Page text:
SCIENTISTS have created an image of how they believe a man whose body was found in a Galway woods three years ago might have looked.
The death was not considered to have been suspicious but gardaí have been unable to return the remains to the man’s family since they were discovered by a group of hunters near the shores of Lough Inagh on December 8, 2006.
Clues at the scene included a soft drinks bottle with a 2005 expiry date, which the West Galway coroner Dr Ciaran MacLoughlin said was consistent with analysis of the body suggesting the man died late in 2005 or a year before he was discovered.
A set of prescription sunglasses found with the man suggest he may be German, while scientific analysis showing the man had female and male DNA indicates he would have had a bone marrow transplant at some time. The cause of death was uncertain but dental configuration indicated he had a lot of very expensive gold work, which the dental forensic examiner felt was done in either Britain or Germany.
The investigation is to be highlighted in tonight’s Crimecall programme on RTÉ One television, with a recreation of the scientific techniques used to help the coroner’s office in the identification process.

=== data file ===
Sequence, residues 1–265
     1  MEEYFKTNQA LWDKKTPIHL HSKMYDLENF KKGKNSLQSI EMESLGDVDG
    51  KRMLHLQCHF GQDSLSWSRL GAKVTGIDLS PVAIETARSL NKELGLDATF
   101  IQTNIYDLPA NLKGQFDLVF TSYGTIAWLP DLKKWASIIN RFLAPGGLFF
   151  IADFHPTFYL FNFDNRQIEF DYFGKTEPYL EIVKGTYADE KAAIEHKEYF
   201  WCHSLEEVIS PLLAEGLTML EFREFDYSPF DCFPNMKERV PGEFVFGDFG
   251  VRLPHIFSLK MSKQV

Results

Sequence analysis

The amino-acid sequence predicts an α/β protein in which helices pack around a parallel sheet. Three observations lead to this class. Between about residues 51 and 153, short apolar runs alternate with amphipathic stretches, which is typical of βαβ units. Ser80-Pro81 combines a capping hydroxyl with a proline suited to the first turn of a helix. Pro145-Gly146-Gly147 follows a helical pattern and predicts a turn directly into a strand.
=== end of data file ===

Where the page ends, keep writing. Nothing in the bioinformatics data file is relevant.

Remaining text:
Dr MacLoughlin enlisted the help of NUI Galway’s Irish Centre for Human Rights, where PhD student Éadaoin O’Brien recommended facial reconstruction techniques to produce an image of what the man might have looked like. The image was created and experts at Dundee University’s anatomy and human identification department used an MRI scan to build up an image of his face, which will be broadcast during tonight’s programme.
The producers will also show some of the contents of the black holdall bag found with the man.
“One of the possibilities is that his family think that he’s gone elsewhere in the world. Not to western Europe or to Ireland and that they may very well be looking for him. They may think that he’s in another part of the world altogether,” said Dr MacLoughlin.
* Crimecall is on RTÉ One television at 10.15pm tonight.
© Irish Examiner Ltd. All rights reserved